Professor Giovannini was a very active member of this Commission and we will shortly hear from him about that experience.

But, if you will allow me, I will summarize a few of the key points from the Report of the Commission. Above all, this report is about people, it is about investment, but investment of a different sort than we usually associate with economic policy. It proposes a human-centred agenda that places people and the work that they do at the centre of economic and social policy and business practices.

This human-centred agenda is built around investment in three pillars to drive growth, equity and sustainability in our societies, maximizing the opportunities and minimizing the risks from the unprecedented changes we see already in the world of work.

The first pillar focuses on investment in people’s capabilities so that they can take advantage, fully, of the real opportunities that the future of work offers by supporting them through the multiple transitions they will inevitably have to face over their working lives.

Under this pillar, the report calls for universal social protection from birth to old age. It proposes a universal entitlement to lifelong learning – in other words, a right to learning throughout one’s working life. And it calls for a transformative agenda for gender equality that realizes the ILO’s 100 years old principle of equal remuneration for work of equal value and puts an end to the gender pay gap, which continues to be one of the greatest injustices in today’s world of work.

The second pillar revolves around increasing investment in the institutions of work. The report reminds us, as does the ILO Constitution, that “labour is not a commodity” and that the role of institutions is to regulate labour markets that prevent it from being treated as such. Where the nature of work is changing, we need to strengthen these institutions correspondingly.

Among its recommendations, the Commission proposed to establish a Universal Labour Guarantee, which would ensure that all workers – regardless of their employment status or contractual arrangements – enjoy their fundamental rights at work, an “adequate living wage”, a maximum number of hours of work and health and safety at work as a fundamental right. These guarantees were already part of the ILO Constitution of 1919, but their application continues to remain a distant prospect for too many people in the world.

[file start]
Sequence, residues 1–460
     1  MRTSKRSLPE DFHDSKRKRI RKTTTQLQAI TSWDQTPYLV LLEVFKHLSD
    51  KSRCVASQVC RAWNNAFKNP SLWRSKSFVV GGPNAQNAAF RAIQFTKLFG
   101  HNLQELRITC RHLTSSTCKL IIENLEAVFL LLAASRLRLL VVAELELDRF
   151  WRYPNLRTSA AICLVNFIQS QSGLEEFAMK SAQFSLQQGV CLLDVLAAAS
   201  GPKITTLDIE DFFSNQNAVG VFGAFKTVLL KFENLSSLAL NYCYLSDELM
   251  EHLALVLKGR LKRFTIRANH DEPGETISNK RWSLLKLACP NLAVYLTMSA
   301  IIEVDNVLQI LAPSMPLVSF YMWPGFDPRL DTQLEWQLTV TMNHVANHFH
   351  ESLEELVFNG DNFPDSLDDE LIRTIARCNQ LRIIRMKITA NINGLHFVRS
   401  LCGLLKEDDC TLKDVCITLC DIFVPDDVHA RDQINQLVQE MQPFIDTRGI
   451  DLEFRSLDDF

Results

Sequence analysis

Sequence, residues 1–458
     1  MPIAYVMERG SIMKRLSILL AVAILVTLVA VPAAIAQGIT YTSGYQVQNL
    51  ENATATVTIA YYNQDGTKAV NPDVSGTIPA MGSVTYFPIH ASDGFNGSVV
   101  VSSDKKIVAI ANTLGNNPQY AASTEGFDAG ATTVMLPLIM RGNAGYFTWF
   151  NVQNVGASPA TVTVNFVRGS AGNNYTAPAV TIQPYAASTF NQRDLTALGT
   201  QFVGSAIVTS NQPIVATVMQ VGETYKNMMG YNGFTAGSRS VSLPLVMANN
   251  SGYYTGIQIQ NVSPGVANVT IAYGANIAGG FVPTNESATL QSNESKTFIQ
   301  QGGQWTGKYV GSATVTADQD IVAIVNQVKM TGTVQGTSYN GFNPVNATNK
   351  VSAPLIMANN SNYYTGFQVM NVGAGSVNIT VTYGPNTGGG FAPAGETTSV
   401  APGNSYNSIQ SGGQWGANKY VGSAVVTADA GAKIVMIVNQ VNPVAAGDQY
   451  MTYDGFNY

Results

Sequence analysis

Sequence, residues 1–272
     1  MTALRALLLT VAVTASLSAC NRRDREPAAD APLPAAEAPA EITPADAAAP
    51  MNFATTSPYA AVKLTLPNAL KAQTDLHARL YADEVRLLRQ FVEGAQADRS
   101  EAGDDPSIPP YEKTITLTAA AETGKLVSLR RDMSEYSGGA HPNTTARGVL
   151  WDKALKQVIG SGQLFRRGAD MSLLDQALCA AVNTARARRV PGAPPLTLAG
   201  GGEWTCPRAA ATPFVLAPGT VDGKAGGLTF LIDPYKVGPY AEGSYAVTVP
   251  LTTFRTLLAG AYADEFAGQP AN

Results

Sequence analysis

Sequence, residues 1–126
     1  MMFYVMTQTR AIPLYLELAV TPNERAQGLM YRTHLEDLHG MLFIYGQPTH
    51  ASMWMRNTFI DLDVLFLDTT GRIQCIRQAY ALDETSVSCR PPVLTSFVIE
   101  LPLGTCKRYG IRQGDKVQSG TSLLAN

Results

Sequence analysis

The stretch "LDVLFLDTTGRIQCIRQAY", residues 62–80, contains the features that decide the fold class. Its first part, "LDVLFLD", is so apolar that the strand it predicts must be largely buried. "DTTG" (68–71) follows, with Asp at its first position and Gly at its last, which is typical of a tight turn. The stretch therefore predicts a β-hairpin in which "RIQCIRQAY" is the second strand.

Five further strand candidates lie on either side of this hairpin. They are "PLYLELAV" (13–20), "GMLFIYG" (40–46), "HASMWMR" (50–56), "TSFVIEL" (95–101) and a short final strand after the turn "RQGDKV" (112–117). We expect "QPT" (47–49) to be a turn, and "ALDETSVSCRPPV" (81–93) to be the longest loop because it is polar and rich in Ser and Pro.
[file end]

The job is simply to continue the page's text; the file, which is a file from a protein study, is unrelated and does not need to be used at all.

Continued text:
The report urges us to take advantage of technological developments so that workers have greater control over their working time, and so are able to balance better their professional and private lives. It calls for the revitalization of policies to promote collective bargaining and social dialogue as a public good.

The third pillar is about increasing investment in decent and sustainable work: the jobs of the future. According to the Commission, we should be investing in transformative, job-rich areas of the economy, such as the rural economy, the care economy, and the green economy in addition to high-quality physical, digital and social infrastructure. This is where the jobs of the future will come from.

Ladies and Gentlemen,

The challenge facing us all today is to reinvigorate the social contract that allows enterprises to prosper, gives working people a just share of economic progress and respect their rights and protection against risks in return for their continuing contribution to society and shared prosperity.

Social dialogue is the way the ILO works. It can and must ensure the relevance of this contract to managing the changes under way.

In these often difficult and uncertain times it is our collective responsibility, indeed our mandate, to continue working together as we have done over the past 100 years.

It will be for our tripartite constituents in Italy and in the ILO other 186 member States, to decide what the future of work will look like in the 21st Century.

I look forward to today’s discussion and I look forward to the continued strong partnership with Italy and the ILO in the future.

Thank you all for your attention.